Judo Classification Types
Classic Judo classification (unlike classification of some other Arts, most notably Aikido and traditional jujutsu) has no pure nominative elements. However, Japanese terminology is a meaningless sound for non-Japanese speakers without accurate translation, but such translation is more exception then a rule outside of Japan.
When practicing Judo started in Russia in 1914 by Vasili Oschepkov, he not just translated Japanese technique names, but adapted them to Russian linguistic pattern. Indeed he created whole new terminology and, consequentially, classification of Judo technique in Russian.
This classification became basis for SAMBO. As Judo was re-introduced in the Soviet Union as Olympic sport two years before its debut in 1964 Summer Olympic Games in Tokyo, Oschepkov’s Russian classification became standard classification in Russian Olympic Judo as well.
For best of my knowledge it’s the only full scope native language Judo classification outside of Japan.
In English language Judo publications, as well as in Judo clubs, Japanese terminology just transliterated and, at best, complemented by more or less descriptive translation.
By historic irony as SAMBO became international sport discipline in 1972, Oschepkov’s Russian classification suffered the same fate as original Dr. Kano’s Japanese version – it wasn’t translated, but just transliterated.
So, currently the same Judo classification can be nominative or descriptive depends on the language environment!
While leaving aside for a moment the role of classification in teaching Judo and effect of linguistic disparity on it, let’s look on the types of descriptive classification itself.
In a very coarse breakdown any Judo classification contains two core parts: (1) names of the technical elements and (2) grouping of technical elements.
Names of Judo techniques (throws) tend to be of two distinct types: instructional and allegorical. Instructional names contain abbreviated description of the technique when allegorical present its emotional or visual appearance.
Some techniques may have both, instructional and allegorical, names at the same time that may be used interchangeably. Good example of this is “Kata Guruma” a.k.a. “Shoulder Wheel” a.k.a. “Windmill” a.k.a. “Throw Over Shoulders” (the last two names are both direct translation from standard Russian classification used in both, Judo and SAMBO, as well as in wrestling). While, as non-Japanese speaker, I can’t attest for visual and emotional impression that “Kata Guruma” makes for native speaker, I can say that “Windmill” is an allegorical name based on the visual resemblances of tori’s body to windmill rolling sails during execution of the throw. On the other hand “Throw Over Shoulders” is a coarse description of the throw itself. Name “Shoulder Wheel” (witch probably is exact translation of “Kata Guruma”) fails somewhere in the middle between “Windmill” and “Throw Over Shoulders”.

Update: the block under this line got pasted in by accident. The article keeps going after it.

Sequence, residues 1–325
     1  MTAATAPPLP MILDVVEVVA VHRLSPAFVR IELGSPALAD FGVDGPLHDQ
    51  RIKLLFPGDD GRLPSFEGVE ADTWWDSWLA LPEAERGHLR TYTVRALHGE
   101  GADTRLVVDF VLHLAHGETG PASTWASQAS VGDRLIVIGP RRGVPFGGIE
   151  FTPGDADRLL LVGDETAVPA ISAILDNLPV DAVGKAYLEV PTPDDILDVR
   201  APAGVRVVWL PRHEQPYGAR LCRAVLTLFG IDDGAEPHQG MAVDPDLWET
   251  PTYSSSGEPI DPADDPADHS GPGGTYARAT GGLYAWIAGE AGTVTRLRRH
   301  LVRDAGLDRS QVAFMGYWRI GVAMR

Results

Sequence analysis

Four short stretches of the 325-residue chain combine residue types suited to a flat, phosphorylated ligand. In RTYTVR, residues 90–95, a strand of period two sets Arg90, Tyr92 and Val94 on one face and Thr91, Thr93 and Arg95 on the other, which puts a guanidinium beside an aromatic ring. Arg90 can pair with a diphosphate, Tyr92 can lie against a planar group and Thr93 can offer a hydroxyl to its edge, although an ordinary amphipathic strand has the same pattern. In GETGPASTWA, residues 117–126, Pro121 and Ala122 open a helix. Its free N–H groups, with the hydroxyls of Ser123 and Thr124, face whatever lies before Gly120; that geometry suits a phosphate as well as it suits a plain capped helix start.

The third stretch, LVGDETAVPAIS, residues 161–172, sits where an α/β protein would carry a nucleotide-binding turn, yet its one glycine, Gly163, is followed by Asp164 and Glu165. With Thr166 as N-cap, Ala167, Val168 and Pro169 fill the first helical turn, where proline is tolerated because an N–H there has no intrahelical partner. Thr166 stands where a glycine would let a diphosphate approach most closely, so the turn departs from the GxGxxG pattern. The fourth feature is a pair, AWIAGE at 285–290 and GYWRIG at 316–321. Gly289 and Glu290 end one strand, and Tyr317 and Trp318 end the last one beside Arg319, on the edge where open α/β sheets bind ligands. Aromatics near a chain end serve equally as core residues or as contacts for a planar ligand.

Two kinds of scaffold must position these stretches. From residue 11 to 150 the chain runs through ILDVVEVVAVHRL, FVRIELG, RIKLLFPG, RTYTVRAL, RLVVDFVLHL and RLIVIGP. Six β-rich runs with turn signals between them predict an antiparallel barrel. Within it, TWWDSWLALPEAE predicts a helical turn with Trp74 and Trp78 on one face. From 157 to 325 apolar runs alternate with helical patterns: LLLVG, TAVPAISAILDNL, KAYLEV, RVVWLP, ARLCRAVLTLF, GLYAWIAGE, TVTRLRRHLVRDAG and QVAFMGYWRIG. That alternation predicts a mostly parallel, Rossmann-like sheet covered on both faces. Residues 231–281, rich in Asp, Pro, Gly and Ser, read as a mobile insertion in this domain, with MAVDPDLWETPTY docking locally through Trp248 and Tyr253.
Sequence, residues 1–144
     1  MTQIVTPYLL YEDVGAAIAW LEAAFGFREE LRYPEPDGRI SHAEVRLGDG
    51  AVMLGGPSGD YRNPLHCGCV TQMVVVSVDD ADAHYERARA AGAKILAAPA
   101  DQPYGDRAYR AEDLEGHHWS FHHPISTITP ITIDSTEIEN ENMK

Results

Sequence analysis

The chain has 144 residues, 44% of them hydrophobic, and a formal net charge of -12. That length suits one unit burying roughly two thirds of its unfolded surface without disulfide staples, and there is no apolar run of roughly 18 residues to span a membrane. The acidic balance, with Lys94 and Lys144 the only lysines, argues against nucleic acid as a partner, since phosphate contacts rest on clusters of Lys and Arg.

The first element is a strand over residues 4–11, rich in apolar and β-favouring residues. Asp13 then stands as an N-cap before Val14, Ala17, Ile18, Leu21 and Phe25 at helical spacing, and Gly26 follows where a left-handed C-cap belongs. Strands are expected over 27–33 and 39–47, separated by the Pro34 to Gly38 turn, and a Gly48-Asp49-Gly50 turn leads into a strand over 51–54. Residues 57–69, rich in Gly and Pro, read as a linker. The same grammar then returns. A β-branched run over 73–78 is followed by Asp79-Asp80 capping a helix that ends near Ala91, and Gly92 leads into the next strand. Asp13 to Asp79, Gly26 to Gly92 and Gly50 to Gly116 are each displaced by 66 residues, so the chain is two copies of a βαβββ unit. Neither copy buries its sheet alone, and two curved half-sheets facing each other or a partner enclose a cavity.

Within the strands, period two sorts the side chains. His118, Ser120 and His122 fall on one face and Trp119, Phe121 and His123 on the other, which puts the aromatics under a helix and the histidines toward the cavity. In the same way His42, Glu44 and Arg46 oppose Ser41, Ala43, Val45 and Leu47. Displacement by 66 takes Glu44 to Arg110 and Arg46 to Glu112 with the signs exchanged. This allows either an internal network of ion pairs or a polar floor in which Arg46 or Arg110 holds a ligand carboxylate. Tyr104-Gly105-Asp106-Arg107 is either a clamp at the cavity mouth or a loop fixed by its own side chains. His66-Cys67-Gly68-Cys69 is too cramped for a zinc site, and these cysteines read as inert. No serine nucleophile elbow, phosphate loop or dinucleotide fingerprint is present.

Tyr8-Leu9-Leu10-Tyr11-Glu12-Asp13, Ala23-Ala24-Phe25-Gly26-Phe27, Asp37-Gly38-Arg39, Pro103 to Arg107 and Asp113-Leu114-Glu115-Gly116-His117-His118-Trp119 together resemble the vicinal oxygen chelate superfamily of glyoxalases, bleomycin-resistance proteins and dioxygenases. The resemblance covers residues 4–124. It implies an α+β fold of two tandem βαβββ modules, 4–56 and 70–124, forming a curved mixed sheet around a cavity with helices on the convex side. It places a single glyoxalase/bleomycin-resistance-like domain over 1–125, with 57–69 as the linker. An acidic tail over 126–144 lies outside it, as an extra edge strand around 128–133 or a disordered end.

The good example of allegorical name is “Yama Arashi” that translates as “Mountain Storm”. This name based on the dynamics of the throw, but saying nothing about leg-work, directions, or other specifics of this technique. This doesn’t mean that such naming become just “fancy” nominative. I trained “Yama Arashi” for many years and when I can’t count it as my crown technique, I can attest that in order to be effective it must be a quick powerful… well, “Mountain Storm”.
Example of the name, based closely on throw description, is “Ippon Seoinage”– “One Arm Shoulder Throw”.
Using both, instructional and allegorical, names has its own positives and negatives.
Instructional names help to introduce technique to new students, who not encounter it yet and need very basic instructions. In such cases name itself provides those basic instructions.
On the other hand, allegorical names more helpful in working with more advanced students as they put stress on dynamics of some key elements of the techniques (“Mountain Storm” – for dynamics; “Windmill” – for rotational motion). This can be very beneficial in process of individual coaching.
Grouping allows rationalization of technique introduction order as you can select individual techniques from rotating groups and have more or less balanced technical set presented to your students in any given moment of there advancement.
Instructional names help to organize such group more easily; however as such groups already established it’s became less critical.
Does classification matter?